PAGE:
The Zimbabwe National Water Authority (Zinwa) will introduce prepaid water system for all local authorities by September this year and institute stop order payment arrangements for other bulk water consumers (farmers) in order to rein in problem debtors.
Acting chief executive Engineer Taurai Maurukira, told Zinwa's annual general meeting (AGM) in Harare yesterday that the water authority was owed $112 million as at December 2017 from $146 million in the same period the prior year.
"We have successfully awarded three contracts for the supply of prepaid meters. This (prepaid system) should come online by September 2018. With that, we should see a huge impact on revenue collection efforts of the authority," he said.
Eng Maurukira said the proposal for the prepaid revenue collection system was made a long time ago, but the implementation of the initiative had taken long due to the need to secure a software compatible with Zinwa's billing system.
Further, the Procurement Regulatory Authority of Zimbabwe (PRAZ) had picked out issues in the tenders for the prepaid water system Zinwa intended to introduce, which the procurement authority felt would cause problems in future.
The prepaid water system, Eng Maurukira pointed out, was crafted mainly to deal with bulk water consumers who were giving the authority problems in collecting the revenue. Revenue amounted to $67,7 million in 2017 from $55,4 million in 2016.
The growth in revenue represented a 22 percent growth on the prior year comparative, having recovered from the drawback of the floods during the 2016/17 season, which affected the consumption of raw water by its consumers.
The prepaid water system by Zinwa, praised by the Office of the President and Cabinet for progress it has made towards conformity with dictates of the Public Entities and State Enterprise Management Act, is mainly targeted at problem areas.
"The intention or the target are the problem areas on revenue collection; those that have been causing deterioration in our revenue collections," Eng Maurukira said.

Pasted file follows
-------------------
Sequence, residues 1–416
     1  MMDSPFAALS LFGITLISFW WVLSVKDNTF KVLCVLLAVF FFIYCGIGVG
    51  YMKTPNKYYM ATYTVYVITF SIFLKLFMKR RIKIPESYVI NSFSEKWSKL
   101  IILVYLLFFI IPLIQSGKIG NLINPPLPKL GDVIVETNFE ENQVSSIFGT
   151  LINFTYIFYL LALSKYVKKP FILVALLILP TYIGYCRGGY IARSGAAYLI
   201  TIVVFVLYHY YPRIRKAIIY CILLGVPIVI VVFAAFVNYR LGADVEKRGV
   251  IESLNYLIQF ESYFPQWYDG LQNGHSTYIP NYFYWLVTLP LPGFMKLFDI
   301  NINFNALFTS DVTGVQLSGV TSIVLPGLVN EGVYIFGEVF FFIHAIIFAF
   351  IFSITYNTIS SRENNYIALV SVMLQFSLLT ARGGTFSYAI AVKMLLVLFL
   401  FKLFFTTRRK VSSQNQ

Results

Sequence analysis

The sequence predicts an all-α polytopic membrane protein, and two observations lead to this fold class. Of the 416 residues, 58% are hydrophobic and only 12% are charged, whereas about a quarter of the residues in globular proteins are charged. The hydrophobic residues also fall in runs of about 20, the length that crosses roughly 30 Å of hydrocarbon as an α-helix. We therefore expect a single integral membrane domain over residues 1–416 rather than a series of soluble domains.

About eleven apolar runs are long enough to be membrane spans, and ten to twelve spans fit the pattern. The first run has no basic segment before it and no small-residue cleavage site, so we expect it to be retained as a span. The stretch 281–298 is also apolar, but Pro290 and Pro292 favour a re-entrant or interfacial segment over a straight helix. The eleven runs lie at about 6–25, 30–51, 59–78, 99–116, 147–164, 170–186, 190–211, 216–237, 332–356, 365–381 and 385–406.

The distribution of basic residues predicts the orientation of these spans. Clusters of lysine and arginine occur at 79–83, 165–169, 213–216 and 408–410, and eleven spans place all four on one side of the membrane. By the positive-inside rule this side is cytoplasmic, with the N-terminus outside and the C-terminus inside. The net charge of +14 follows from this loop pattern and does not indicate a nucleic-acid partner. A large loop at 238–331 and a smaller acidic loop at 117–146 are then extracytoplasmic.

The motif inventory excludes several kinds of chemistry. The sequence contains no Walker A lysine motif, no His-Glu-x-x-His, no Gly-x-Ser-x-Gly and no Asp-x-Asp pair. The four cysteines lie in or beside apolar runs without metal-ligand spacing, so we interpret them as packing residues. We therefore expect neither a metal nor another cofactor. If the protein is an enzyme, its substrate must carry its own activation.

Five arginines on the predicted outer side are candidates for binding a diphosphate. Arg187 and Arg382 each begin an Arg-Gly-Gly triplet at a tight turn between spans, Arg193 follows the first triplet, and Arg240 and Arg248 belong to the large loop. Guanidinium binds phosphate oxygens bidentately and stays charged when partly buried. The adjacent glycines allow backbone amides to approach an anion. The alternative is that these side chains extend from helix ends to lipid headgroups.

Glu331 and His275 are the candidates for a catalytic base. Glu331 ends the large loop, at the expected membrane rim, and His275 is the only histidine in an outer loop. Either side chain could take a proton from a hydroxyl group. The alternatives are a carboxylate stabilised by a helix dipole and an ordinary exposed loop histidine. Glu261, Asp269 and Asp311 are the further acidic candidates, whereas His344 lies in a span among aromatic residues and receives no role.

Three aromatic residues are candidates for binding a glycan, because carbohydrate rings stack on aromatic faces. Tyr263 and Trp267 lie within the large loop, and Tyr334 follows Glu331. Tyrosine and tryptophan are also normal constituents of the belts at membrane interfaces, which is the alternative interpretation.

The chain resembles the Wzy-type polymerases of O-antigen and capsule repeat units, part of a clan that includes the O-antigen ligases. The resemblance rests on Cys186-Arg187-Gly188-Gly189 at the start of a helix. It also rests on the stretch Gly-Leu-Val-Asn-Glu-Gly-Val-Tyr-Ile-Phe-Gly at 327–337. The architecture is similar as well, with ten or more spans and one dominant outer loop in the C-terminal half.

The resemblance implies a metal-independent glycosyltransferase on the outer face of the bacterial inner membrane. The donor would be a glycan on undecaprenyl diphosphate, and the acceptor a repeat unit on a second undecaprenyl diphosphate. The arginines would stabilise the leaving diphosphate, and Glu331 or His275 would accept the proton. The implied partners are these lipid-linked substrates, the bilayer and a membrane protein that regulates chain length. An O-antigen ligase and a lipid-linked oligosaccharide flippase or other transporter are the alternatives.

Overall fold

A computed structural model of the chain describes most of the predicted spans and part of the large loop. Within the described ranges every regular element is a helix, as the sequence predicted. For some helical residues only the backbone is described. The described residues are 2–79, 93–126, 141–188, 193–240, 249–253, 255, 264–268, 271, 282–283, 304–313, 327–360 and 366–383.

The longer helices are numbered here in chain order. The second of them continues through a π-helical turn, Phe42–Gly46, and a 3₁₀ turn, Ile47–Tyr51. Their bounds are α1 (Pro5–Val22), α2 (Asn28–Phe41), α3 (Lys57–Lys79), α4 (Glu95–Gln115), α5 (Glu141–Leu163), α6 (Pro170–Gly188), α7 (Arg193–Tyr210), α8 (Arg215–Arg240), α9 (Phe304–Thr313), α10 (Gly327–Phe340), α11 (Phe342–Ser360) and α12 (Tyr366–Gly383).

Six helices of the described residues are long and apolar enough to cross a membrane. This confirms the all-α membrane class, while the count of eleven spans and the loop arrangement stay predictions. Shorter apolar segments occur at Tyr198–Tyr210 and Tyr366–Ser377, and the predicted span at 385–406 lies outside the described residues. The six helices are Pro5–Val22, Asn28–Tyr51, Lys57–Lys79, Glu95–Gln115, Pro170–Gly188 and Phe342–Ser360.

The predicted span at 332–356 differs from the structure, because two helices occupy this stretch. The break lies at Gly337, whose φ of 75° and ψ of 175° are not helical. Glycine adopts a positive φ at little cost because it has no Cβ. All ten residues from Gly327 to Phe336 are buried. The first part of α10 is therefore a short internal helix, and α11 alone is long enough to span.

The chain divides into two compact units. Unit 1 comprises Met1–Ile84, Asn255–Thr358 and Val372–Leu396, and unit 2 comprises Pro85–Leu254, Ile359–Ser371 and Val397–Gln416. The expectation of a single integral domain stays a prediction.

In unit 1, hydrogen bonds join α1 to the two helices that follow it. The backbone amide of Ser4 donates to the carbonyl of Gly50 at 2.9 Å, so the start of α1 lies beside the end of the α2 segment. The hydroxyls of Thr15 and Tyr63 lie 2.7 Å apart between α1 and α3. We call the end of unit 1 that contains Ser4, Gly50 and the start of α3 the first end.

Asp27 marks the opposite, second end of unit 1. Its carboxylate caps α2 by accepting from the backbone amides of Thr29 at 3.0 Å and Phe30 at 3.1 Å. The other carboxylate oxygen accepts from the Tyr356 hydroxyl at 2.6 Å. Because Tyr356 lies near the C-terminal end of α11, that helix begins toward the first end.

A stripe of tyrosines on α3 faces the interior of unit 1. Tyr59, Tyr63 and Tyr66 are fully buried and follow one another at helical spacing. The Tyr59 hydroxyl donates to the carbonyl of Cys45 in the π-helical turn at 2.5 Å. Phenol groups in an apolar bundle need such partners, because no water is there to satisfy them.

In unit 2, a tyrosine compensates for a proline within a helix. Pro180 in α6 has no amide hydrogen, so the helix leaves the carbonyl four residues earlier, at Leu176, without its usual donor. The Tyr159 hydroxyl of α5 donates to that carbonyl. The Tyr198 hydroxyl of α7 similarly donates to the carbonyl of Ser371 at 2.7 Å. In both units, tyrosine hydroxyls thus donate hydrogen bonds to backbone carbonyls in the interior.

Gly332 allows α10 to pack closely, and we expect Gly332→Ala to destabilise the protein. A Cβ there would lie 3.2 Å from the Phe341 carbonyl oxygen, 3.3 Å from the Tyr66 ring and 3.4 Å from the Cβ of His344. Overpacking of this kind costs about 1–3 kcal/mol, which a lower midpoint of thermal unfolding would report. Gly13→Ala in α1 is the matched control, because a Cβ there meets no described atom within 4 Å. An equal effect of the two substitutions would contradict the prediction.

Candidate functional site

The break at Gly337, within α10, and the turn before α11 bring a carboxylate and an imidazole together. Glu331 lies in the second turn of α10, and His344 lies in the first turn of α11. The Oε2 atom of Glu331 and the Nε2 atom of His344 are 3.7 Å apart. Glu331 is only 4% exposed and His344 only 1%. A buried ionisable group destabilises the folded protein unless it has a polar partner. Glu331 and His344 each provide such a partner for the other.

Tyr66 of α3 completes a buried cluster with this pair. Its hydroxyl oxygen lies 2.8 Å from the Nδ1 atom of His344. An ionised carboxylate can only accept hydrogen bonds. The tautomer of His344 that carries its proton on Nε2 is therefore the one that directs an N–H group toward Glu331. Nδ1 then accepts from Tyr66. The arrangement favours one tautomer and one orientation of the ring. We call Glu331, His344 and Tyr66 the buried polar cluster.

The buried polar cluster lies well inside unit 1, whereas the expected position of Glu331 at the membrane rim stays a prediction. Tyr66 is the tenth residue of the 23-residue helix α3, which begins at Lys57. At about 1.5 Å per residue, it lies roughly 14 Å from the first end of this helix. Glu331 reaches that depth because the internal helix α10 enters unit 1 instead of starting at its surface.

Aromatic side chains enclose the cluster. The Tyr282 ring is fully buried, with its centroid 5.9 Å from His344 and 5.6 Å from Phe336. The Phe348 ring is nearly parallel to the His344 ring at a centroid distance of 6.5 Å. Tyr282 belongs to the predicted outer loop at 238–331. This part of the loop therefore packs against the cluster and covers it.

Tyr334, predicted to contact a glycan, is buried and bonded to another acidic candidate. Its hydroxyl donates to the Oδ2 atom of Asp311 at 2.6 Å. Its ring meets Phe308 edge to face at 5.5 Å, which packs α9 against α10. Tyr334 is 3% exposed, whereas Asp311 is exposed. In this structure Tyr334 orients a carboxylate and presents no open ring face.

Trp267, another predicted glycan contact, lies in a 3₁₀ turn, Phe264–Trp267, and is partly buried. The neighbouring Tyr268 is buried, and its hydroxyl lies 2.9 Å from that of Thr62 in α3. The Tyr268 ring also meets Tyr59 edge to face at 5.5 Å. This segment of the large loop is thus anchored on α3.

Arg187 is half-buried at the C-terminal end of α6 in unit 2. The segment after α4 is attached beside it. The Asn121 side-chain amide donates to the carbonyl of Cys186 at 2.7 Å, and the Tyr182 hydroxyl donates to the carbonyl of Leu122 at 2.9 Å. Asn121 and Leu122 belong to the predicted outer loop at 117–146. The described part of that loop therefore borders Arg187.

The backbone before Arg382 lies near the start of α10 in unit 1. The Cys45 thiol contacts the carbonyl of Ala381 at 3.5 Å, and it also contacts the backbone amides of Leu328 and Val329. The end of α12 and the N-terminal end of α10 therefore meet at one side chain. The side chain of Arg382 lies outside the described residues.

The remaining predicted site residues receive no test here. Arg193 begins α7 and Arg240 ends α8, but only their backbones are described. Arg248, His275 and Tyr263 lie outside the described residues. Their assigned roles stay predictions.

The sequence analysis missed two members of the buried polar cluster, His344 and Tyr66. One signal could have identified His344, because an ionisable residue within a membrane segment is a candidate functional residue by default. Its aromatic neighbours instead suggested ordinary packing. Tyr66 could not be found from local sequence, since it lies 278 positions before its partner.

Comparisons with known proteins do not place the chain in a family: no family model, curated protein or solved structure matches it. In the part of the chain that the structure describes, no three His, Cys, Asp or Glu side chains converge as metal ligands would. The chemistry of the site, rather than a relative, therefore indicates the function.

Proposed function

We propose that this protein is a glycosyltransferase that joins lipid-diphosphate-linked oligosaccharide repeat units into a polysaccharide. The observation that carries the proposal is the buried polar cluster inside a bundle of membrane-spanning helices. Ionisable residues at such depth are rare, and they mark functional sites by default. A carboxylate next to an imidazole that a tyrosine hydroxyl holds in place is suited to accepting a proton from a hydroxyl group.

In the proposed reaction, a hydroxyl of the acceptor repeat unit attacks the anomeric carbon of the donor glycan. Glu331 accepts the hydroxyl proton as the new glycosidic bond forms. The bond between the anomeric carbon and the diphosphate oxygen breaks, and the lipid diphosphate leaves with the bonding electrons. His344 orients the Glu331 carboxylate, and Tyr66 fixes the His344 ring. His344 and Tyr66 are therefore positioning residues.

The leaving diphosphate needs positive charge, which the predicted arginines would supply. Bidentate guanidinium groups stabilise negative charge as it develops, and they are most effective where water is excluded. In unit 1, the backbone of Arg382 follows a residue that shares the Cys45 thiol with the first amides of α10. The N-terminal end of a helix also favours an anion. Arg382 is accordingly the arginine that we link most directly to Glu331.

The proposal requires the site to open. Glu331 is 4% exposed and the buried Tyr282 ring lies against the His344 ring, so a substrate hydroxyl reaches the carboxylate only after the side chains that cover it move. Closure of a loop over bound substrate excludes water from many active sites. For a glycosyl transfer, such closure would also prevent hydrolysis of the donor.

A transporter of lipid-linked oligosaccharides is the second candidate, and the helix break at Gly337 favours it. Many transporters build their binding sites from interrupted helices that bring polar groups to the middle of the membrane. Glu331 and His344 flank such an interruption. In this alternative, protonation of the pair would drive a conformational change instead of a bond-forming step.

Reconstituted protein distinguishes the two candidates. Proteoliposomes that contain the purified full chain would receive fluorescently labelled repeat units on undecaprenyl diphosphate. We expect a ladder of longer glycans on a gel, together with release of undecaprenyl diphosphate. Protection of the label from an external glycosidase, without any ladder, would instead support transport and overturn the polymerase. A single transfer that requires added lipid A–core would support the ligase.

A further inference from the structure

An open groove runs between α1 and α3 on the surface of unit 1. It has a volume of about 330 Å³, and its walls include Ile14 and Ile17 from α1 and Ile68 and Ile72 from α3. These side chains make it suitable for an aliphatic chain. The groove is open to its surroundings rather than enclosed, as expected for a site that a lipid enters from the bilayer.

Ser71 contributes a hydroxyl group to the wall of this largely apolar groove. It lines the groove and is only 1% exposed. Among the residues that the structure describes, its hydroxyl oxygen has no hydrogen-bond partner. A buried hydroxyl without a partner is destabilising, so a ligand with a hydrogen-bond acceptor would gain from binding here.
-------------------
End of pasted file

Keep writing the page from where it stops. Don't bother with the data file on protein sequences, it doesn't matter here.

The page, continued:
"A major challenge still remains with local authorities who owed the authority a total of $34 million as at December 31, 2017, translating to 30 percent of the total debtors' amount."
The prepaid water system will allow the national water authority to charge for current water consumption while also recovering, over time, the outstanding debt.
"Irrigators (commercial farmers) owed a total of $36 million, which translates to 32 percent of the total amount owned," Eng Maurukira told the AGM yesterday.
Eng Maurukira said with regard to irrigators, essentially made up of commercial farmers; the water authority would introduce a stop order payment system on current consumption while for legacy debts it would pursue engagement with debtors.
The water authority said its clear water sales totalled $35,6 million in 2017 from $37 million in the same period of 2016, representing a decline of 3,8 percent due to the 2016 /17 season flooding, which reduced the need for supplementary irrigation.
"Obsolete pumping equipment with reduced output and efficiency also affected the clear water supply capacity for the authority. As a way to mitigate this, $2 million has been set aside in 2018 for rehabilitation of clear water plant and equipment."
Zinwa's Head (Raw Water) Engineer Albert Mare, the $2 million budget will reduce clear water losses, along the way to consumers, from 52 percent to about 30 percent. The funds will address problems at 30 out of 500 clear water pump stations.
Raw water sales were almost constant in 2017 at $11,7 million from $11,8 million in 2018. Eng Maurukira said the water authority had recovered, financially, from the setback caused by Government directed debt forgiveness in October 2013.
This financial setback saw the authority run up a debt of 11 months' salary arrears, which amounted to over $3 million, which it managed to clear by December 2017.
Last year, Zinwa resumed a number of capital projects, which had stalled due to funding challenges. Among the projects was the Gwayi Shangani, now at 27 percent completion, where significant works have been covered.